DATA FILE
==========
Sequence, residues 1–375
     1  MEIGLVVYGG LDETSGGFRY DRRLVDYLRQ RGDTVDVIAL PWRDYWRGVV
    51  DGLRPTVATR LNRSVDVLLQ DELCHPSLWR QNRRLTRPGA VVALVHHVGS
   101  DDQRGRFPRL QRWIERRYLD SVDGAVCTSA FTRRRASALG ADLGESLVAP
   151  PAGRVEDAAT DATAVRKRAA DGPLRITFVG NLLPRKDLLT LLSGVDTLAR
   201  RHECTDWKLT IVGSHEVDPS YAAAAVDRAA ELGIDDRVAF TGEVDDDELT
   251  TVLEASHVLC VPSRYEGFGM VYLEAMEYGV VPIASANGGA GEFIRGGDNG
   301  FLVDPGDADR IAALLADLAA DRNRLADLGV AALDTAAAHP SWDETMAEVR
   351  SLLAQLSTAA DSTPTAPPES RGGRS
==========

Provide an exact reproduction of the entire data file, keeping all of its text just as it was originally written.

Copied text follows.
Sequence, residues 1–375
     1  MEIGLVVYGG LDETSGGFRY DRRLVDYLRQ RGDTVDVIAL PWRDYWRGVV
    51  DGLRPTVATR LNRSVDVLLQ DELCHPSLWR QNRRLTRPGA VVALVHHVGS
   101  DDQRGRFPRL QRWIERRYLD SVDGAVCTSA FTRRRASALG ADLGESLVAP
   151  PAGRVEDAAT DATAVRKRAA DGPLRITFVG NLLPRKDLLT LLSGVDTLAR
   201  RHECTDWKLT IVGSHEVDPS YAAAAVDRAA ELGIDDRVAF TGEVDDDELT
   251  TVLEASHVLC VPSRYEGFGM VYLEAMEYGV VPIASANGGA GEFIRGGDNG
   301  FLVDPGDADR IAALLADLAA DRNRLADLGV AALDTAAAHP SWDETMAEVR
   351  SLLAQLSTAA DSTPTAPPES RGGRS